©Phototheque VEOLIA : Stéphanie Lavoué

Biogas turns into electricity in Montpellier

Posted on 14 October 2016.

In Maera, near Montpellier, Veolia converts sewage sludge into electricity and heat to run the circular economy.

In 2009, as part of its sustainable development and renewable energy policy, Montpellier Agglomération (now Montpellier Méditerranée Métropole) decided to initiate "a comprehensive approach to saving energy and reducing greenhouse gas emissions" for the Maera wastewater treatment plant.

So the city asked Veolia to recover the biogas produced by sewage waste - installing a cogeneration plant to produce energy in the form of electricity and heat.

Using excess biogas

Commissioned in 2005, the Maera plant now receives wastewater from 18 communities in the Montpellier urban area, equivalent to a population of about 470,000 people.

Operated by Veolia, it is the largest wastewater treatment plant in the area, and like any such facility, it produces significant quantities of sewage waste. Sludge mainly, which is collected during the water depollution process. Treated through a special pathway, the sludge generates biogas via the digesters.

Before installing the cogeneration unit in 2011, some of this biogas was used to fuel the boilers that heated the sludge for digestion. The surplus - up to 70% - was flared. An energy source begging to be exploited, given that biogas contains mostly methane, a gas with a high calorific value. It was therefore important to recover it and so further optimize the management of the treatment plant’s resources.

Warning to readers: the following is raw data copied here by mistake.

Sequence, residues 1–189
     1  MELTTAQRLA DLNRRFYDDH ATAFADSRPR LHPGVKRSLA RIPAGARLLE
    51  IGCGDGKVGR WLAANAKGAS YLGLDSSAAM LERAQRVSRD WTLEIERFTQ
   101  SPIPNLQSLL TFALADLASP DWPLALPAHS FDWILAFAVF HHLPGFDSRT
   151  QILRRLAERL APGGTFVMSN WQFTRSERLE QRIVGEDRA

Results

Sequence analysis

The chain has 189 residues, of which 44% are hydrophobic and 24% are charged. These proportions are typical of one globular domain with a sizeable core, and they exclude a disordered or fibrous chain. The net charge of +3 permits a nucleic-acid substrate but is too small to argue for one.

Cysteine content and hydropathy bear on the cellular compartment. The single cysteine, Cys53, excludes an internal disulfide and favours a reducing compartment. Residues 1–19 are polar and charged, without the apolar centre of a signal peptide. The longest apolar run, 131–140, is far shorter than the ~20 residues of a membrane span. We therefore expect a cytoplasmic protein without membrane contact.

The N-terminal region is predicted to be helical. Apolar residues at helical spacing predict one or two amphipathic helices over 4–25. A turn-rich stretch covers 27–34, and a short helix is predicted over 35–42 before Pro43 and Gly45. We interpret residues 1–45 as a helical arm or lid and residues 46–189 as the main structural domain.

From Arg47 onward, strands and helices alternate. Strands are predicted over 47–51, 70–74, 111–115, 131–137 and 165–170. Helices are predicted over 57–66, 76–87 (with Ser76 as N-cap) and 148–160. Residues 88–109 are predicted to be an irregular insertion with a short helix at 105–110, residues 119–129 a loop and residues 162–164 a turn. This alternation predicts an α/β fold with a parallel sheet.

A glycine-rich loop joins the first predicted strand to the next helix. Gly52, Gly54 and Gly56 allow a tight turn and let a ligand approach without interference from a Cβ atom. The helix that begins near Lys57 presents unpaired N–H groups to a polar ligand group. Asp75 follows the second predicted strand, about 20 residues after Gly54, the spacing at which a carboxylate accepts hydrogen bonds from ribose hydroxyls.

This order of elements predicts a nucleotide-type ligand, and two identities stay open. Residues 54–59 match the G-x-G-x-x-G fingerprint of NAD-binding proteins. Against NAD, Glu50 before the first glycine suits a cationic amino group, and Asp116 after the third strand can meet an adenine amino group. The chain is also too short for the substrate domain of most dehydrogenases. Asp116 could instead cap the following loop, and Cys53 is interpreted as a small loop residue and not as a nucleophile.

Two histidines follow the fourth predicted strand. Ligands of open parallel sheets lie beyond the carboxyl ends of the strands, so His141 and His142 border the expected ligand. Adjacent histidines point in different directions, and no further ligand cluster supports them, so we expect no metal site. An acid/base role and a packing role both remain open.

Maera: a circular economy success

Recovering biogas by means of the cogeneration unit not only supplies heat for the digesters but also produces electricity which is then sold to EDF as green energy. In 2015, Maera generated 3 million m3 of biogas and 6.7 million kWh of energy, covering over 50% of the electricity consumption of its facilities. Since it was commissioned, the cogeneration unit has produced over 21,500 MWh of energy.

Finally, Veolia also installed a unit to take and pre-process fatty waste - such as that from restaurant grease traps – which is treated in the digesters along with the sewage sludge. This increases the production of biogas while ridding restaurateurs and manufacturers of effluents that are particularly problematic.